While these trails don’t require a backpack, you’d do well to bring an adventurous palate
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L.A.’s Bikeable Trail of Bread Crumbs
You may not think of Los Angeles as a destination for cycling or gluten, but a day spent pedaling from Santa Monica to Culver City, sampling pastries and artisanal breads along the way, might change that. Start your day at , fueling up with one of their seasonal specials (mmm ... horchata) or a classic vanilla raised.
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On a Roll in L.A.
From there, cruise down the paved beachside path that connects Santa Monica to Venice before steering inland a few blocks for a midmorning snack at , where breakfast—including a housemade onion-poppy bialy topped with lamb merguez, harissa, and Gruyère—is served until 5 p.m. Grab a loaf of hemp-nori or seeded rye sourdough bread to go, then explore the boutiques on Abbot Kinney Boulevard before pedaling a few miles farther to. A recent renovation doubled the size of this two-year-old bakery, where the whole-grain, long-fermented loaves, cinnamon rolls, and cookies have a devoted following. The expansion also made room for a wood-burning oven for pizza. A Margherita and a glass of wine will go down fine before you ride into the sunset.
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San Diego: The Biggest Little Beer Town
Thanks to 135 breweries and counting, San Diego is easily the ale capital of SoCal. But many of the breweries produce in such small batches, their beers never make it across county lines. The only way to try their limited supplies? Visit the tasting rooms. Start in the North Park neighborhood at . With 35 beers on tap, there’s a style for everyone, from the Bodysurfing Belgian-style Blonde to Rescue Buoy Russian Imperial Stout, served in an airy space with wooden surfboards for tables.
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San Diego Suds
From there, it’s an easy half-mile walk to the pint-size Tasters start at $2 (you can’t miss with their Green Hat IPA), and food is BYO. Located in an industrial park in the Kearny Mesa neighborhood 7 miles away, specializes in both hoppy IPAs and Belgian ales, with dozens of varieties to sample (plus tours every Saturday). Nearby, does standout sours—including a passion fruit tart saison and raspberry tart saison.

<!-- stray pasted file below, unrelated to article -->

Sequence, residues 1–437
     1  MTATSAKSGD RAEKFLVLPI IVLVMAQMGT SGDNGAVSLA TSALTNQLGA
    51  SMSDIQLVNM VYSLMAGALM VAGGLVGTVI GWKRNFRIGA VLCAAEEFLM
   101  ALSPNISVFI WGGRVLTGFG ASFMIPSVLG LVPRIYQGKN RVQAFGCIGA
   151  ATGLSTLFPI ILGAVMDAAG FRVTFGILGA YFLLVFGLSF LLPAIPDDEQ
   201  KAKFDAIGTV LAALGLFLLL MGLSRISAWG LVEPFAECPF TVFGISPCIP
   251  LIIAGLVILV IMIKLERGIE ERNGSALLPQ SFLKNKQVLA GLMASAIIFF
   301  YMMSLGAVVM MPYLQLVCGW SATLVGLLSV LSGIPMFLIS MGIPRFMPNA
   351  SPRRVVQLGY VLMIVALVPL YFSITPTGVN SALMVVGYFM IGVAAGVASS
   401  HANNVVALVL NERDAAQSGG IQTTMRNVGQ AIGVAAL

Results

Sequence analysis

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New Mexico's Triple Threat: Albuquerque
Hitting every spot on New Mexico’s many food byways would take one seriously forgiving waistband. Be a discerning eater, and focus on the most authentic stops. Start with one of 11 varieties of breakfast burritos before heading to to pick up a 12-pack of the soft and lightly browned flour tortillas, made in-house since 1989. End the day with a green chile cheeseburger from the . The half-pounder is piled with enough spice to necessitate a beer—or two.
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New Mexico's Triple Threat: Santa Fe
The forearm-size burritos at are made with organic ingredients and covered in red, green, or “Christmas” chile sauce. Don't miss a stop at Alicia’s Tortilleria (505/438-9545). Chances are these thick, tender corn discs will still be warm when you order them off the whiteboard menu. Save some room for wood-oven buffalo burger. The farm to table kitchen serves up its burger smothered with cheese and chiles on a potato bun.
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B.C. Pints with a Lake View
This isn't a typical bar crawl. Many of the 15 or so cider houses throughout the Okanagan Valley in British Columbia ( and in Kelowna and in Cawston, to name a few) are near trailheads, like the Kettle Valley Rail Trail, which runs parallel to the glacial waters of Okanagan Lake.
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B.C. Cider Crawl
An entry point is less than a five-minute drive from (try their dry apple or pear ciders) and crosses the picturesque Myra Canyon Trestles. Pick up the path again at , a year-old cidery that is set amidst the orchards overlooking the lake in Kelowna.
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A Weekend of Shucking in Washington: Day 1
11 a.m. At the , a replica of an oyster station house in Nahcotta, you’ll learn how oysters are grown and harvested.
2 p.m. It’s a three-hour drive to Lilliwaup, where you’ll find the farm store and oyster saloon. Located on the Hood Canal, this fifth generation family-owned farm is a gorgeous spot to enjoy ultra-fresh oysters (on the half-shell or grilled) and a cold beer from a perch overlooking the water before taking a self-guided tour of the farm.
7:30 p.m. Spend the night in Seattle at the (from $150). In addition to offering luxurious rooms, the hotel’s a five-minute walk from chef Renee Erickson’s . Expect a wait for a seat with a clear view of the shucking action.
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A Weekend of Shucking in Washington: Day 2
10 a.m. Start your day at , one of the city’s best and a minute’s stroll from the hotel. Stock up on picnic provisions, then drive about 90 minutes north to on Samish Bay, where you can round out your picnic with fresh oysters, clams, and mussels and enjoy it all at a table outside that looks out at the San Juan Islands.
3:00 p.m. There’s one more stop worthy of your pilgrimage: in Blaine, just below the Canadian border. Oyster beds run nearly a mile from the brick building, where you can slurp them raw or barbecued. The record for fastest time from harvest to half-shell: 17 minutes.